Every artifact might have its own story, but that doesn’t mean a collection always carries a common theme.
Such was the contemplative background of the Vermont Ski and Snowboard Museum’s new exhibit, “Curious and Cool,” an eclectic mix of unusual and random items from the worlds of skiing and snowboarding, now on display in downtown Stowe.
“It has lots of the really fun, eclectic mishmash of stuff that people have collected and donated to the museum,” says exhibit curator Meredith Scott. “It’s kind of a celebration of all these people and their stories and the places throughout Vermont that these funny things represent.”
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Recent exhibits at the museum have centered around ski fashion, or detailing the history of the National Ski Patrol. But with a number of imminent anniversaries to look forward to (it’s been 30 years since the museum first opened in Brandon, Vt., and 15 years since it arrived in Stowe at the Perkins Building, which celebrates its own 200th anniversary in 2018), Scott believes it just seemed like time to “get out all the fun stuff that never really fit into those nice, neat, themed stories.”
Two years went into the planning of the exhibit, which opened Dec. 1 and runs through October. While some of the items have been exhibited in the past (including one of the two gold medals Vermont skier Andrea Mead Lawrence won at the 1952 Olympics) much of it has been in storage over the years, giving Scott the opportunity to revisit the wealth of items she has collected over time and put away since becoming the museum’s first full-time curator in 2002.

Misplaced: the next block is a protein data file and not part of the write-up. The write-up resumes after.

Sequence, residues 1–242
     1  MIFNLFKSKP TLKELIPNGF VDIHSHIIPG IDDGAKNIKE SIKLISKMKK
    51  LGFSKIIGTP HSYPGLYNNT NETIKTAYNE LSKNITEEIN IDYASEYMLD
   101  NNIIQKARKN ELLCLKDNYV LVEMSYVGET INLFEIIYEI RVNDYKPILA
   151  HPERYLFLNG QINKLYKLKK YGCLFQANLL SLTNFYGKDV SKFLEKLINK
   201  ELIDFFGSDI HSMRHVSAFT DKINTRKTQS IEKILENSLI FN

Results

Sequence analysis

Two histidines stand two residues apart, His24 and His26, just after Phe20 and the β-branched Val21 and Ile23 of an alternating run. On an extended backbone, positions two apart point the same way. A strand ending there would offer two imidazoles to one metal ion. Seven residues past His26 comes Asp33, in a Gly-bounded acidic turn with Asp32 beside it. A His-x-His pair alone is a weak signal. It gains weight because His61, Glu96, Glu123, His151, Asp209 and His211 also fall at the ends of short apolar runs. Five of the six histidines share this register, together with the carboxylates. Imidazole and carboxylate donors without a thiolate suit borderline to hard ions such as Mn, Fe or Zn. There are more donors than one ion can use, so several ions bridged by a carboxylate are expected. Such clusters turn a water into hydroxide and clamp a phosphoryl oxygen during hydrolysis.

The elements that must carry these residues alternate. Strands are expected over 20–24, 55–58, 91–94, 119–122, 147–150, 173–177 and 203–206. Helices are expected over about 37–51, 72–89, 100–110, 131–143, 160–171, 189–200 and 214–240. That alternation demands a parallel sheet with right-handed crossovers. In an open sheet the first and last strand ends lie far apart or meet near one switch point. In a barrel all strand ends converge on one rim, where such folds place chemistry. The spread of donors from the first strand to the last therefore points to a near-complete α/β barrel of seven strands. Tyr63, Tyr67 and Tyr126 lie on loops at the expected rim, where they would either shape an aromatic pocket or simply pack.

There’s one of the original chairs from Stowe’s Ranch Camp, an old lumber camp that served as the beginning of the town’s skiing reputation. There are samples of chairlift rope unraveled to reveal what it’s made of. Burton’s 2018 Olympic uniform is even on display, the only place to see the collection on exhibit.
“It’s a real range of really old to really new,” Scott says.
Among Scott’s favorite pieces in the exhibit is a crafted mobile featuring two people riding a lift with little pieces of wood for their skis. Each pole has a piece of sequin as the pole basket and distinctively-patterned clothing, an oddity for sure, that didn’t exactly fit the mold of the museum’s previous exhibits.
While the evolution of skiing in general is on display, it’s the recognition of the people behind the items that Scott hopes to highlight.
“When you’re telling a distinct story, there are so many great things that should come out,” she says. “The people are just so important.”
If you go:
Vermont Ski and Snowboard Museum, One South Main Street, Stowe, Vt., vtssm.com